But don’t stop there. There are now many options for vaccine appointments around the state. The state Health Department has produced a map and search tool to help you find vaccine locations close to where you live.

Health care providers

If you’re a patient at one of the large health care or hospital systems around the state, chances are good that you’ll be contacted by your provider when they have a vaccine available for you. After being contacted, you’ll have the opportunity to sign up for a specific time slot and location to be vaccinated.

Many providers are continuing to prioritize vaccinating their patients according to risk factors like age and health conditions that make some more vulnerable to COVID-19.

While you wait, it’s a good idea to make sure that your health account is up to date with your existing providers, especially if you haven’t received care recently.

And some systems will allow you to sign up for a new account — and for a vaccine appointment — even if you have not been a patient with them before. 

Many providers are asking their patients for patience. Even though the state anticipates receiving more vaccine from the federal government in the coming weeks, demand will continue to outpace supply. M Health Fairview, for example, said in late March that its vaccine appointments are booked three weeks out. 

Here are some links for vaccine information from some of the state’s largest providers: 

  • Mayo Clinic: You must have been a Mayo patient in the past two years. If you are not a Mayo patient but you live in one of 20 southern Minnesota counties, you can sign up here for a text alert when you become eligible for an open Mayo vaccination appointment.

  • Health Partners: You must have been a Health Partners patient in the past, and you must have an online account. If you are a primary caregiver to a person with complex medical needs, or if you live in a multi-generational household, you can update your online account to attest to that fact, and will become part of Health Partners’ priority group.

  • M Health Fairview: You don’t need to be a patient to sign up. Twin Cities-area appointment openings are released on Tuesdays around 8 a.m. 

  • Allina: Patients will be notified when they’re selected to make an appointment.

  • Essentia Health: You do not need to be a patient to sign up for an appointment. Essentia patients can schedule their vaccine appointment through Essentia’s online patient portal. If you are not an Essentia patient, you can sign up here. You may also call (833) 494-0836 to schedule one.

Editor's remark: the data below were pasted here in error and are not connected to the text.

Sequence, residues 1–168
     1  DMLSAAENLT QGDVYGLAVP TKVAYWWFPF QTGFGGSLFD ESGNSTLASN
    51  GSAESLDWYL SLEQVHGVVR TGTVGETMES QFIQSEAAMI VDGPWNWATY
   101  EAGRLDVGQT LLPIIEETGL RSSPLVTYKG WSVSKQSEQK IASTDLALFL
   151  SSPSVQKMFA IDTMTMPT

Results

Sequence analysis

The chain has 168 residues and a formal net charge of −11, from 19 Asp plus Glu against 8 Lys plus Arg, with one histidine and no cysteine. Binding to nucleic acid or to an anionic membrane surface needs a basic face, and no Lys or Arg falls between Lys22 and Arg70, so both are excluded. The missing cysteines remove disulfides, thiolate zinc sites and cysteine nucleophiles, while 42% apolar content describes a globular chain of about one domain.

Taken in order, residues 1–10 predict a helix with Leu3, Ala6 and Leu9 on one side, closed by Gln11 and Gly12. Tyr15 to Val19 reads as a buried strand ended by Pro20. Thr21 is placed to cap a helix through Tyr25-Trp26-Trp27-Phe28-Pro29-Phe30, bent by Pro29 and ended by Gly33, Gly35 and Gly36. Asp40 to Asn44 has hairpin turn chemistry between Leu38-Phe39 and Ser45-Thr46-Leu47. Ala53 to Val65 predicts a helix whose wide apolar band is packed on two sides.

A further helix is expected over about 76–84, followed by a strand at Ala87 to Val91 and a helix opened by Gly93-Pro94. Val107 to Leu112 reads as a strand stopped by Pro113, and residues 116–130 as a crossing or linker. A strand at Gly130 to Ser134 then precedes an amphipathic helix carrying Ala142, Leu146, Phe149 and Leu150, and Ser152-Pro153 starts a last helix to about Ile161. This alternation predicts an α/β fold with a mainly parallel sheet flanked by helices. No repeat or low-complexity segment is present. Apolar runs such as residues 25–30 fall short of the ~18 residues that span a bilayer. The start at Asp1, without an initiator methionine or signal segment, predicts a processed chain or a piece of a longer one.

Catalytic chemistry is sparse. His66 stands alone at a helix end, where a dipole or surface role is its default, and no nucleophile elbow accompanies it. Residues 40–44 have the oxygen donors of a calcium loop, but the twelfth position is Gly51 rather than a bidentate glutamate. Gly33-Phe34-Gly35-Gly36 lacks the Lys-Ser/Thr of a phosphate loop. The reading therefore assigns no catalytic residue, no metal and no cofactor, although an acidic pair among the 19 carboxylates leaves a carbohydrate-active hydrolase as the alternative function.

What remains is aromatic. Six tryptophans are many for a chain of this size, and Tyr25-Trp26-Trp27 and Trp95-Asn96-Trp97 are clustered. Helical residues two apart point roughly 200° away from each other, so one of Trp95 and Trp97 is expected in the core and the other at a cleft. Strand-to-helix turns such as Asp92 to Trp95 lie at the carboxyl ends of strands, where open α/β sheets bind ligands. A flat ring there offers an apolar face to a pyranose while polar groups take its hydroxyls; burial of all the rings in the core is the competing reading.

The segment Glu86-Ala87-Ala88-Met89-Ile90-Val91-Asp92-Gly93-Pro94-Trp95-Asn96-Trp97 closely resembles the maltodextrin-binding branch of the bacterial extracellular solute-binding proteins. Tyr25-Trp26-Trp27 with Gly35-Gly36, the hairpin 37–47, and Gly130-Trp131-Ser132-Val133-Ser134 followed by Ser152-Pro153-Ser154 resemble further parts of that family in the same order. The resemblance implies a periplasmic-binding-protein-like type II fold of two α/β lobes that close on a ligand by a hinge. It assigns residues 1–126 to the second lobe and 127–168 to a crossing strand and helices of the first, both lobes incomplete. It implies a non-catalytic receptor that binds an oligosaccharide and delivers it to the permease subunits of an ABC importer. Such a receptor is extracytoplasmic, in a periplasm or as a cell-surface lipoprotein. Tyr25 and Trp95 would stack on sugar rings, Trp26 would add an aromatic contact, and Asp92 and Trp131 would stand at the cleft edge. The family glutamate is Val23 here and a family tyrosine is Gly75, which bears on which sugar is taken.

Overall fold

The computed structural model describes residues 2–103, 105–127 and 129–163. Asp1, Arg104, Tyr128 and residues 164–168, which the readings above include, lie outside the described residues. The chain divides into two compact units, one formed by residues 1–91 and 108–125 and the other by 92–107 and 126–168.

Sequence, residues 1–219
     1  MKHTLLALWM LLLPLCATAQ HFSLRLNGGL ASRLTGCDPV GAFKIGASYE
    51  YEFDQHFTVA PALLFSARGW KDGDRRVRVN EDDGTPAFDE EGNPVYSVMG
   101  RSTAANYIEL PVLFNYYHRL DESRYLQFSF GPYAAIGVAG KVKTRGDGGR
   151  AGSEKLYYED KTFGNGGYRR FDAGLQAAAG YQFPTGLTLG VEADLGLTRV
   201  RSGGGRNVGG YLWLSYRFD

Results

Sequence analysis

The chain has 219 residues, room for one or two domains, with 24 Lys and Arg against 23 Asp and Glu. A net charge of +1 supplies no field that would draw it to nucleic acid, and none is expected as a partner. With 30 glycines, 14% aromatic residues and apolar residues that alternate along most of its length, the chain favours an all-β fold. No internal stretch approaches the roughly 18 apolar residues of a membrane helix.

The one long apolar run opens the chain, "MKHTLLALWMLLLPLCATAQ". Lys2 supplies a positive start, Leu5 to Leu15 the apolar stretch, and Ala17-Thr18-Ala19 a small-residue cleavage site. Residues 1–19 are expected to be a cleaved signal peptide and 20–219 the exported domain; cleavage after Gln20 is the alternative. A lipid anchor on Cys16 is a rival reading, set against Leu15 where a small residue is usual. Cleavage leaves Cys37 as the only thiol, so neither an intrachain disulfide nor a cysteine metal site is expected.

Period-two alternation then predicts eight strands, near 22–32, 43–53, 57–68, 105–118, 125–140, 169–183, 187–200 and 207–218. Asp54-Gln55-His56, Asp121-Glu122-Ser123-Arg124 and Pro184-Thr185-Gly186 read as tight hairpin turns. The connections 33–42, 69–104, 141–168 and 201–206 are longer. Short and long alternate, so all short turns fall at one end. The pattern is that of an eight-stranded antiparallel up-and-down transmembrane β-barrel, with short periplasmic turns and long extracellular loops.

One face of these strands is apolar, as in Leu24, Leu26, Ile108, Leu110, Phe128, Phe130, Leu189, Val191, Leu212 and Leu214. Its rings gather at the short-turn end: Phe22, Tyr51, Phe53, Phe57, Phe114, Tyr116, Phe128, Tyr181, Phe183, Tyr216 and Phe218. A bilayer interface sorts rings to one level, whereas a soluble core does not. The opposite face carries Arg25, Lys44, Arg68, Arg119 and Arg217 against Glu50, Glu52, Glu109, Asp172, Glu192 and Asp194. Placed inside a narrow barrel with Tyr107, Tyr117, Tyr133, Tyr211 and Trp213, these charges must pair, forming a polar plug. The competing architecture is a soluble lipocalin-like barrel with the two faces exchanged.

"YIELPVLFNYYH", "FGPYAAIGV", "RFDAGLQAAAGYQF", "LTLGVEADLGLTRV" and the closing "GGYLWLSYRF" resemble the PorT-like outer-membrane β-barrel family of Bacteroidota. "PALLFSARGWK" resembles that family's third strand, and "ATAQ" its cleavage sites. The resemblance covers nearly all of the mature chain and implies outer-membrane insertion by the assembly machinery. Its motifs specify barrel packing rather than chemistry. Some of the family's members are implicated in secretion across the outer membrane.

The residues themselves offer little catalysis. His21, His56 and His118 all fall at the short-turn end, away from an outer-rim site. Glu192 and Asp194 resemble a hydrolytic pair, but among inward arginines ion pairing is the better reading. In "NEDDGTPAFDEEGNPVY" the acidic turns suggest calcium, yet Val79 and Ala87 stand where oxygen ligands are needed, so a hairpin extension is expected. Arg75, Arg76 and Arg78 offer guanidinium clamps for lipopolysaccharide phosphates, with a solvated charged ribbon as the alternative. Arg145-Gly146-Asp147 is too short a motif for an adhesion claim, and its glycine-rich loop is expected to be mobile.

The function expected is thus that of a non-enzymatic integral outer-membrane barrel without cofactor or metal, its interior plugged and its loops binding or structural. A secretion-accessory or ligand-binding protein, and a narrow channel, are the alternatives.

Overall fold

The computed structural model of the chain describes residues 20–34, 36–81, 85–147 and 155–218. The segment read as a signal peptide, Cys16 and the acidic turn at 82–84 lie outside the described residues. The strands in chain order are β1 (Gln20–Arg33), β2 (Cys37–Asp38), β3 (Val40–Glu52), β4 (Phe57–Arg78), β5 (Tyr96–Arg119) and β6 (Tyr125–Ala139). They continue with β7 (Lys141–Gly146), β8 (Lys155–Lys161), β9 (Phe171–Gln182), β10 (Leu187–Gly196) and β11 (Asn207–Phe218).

• Sanford Health: Sanford patients will be contacted when a dose is available. Sanford recommends that anyone who’s interested in a vaccine fill out a vaccine registration form.

  • St. Luke’s: Current St. Luke’s patients can make a vaccination appointment through its online patient portal. If you’re not a St. Luke’s patient, you can still request an appointment, but need to do so over the phone or via email. Details here.

  • CentraCare: Patients will be contacted when appointments are available to them. To schedule an appointment — or to find out if you’re eligible under CentraCare’s priority groups — sign up here.

  • Hennepin Healthcare: Patients are being contacted directly when appointments are available to them.

Pharmacies

Many pharmacies around the state are receiving vaccine shipments directly from the federal government, rather than the state. Because of that, they may have available vaccine supply when health care providers do not.

Most major pharmacy chains in Minnesota require you to make an appointment on their websites. For some, you can sign up to receive emails when appointments open up. Others offer waiting lists, for people to be called with little notice: 

The federal Centers for Disease Control has also set up a website to find pharmacy appointments near you.

The state Health Department has established seven community vaccine clinics. As of the end of March, those clinics are located in Bloomington, Duluth, Mankato, Minneapolis, Rochester, St. Cloud and St. Paul. 

The state has also established — and will continue to announce — temporary clinics in other locations, as the need arises.

To sign up for the chance to be randomly chosen to make an appointment at one of the state-run community clinics, visit the state’s Vaccine Connector website.

Be sure to keep an eye on your email spam folder, so you don’t miss a note. And you may not want to ignore incoming phone calls from numbers you don’t recognize for the next few weeks. Phone calls alerting you to an available vaccine appointment will arrive from 954-716-7771.

Local public health departments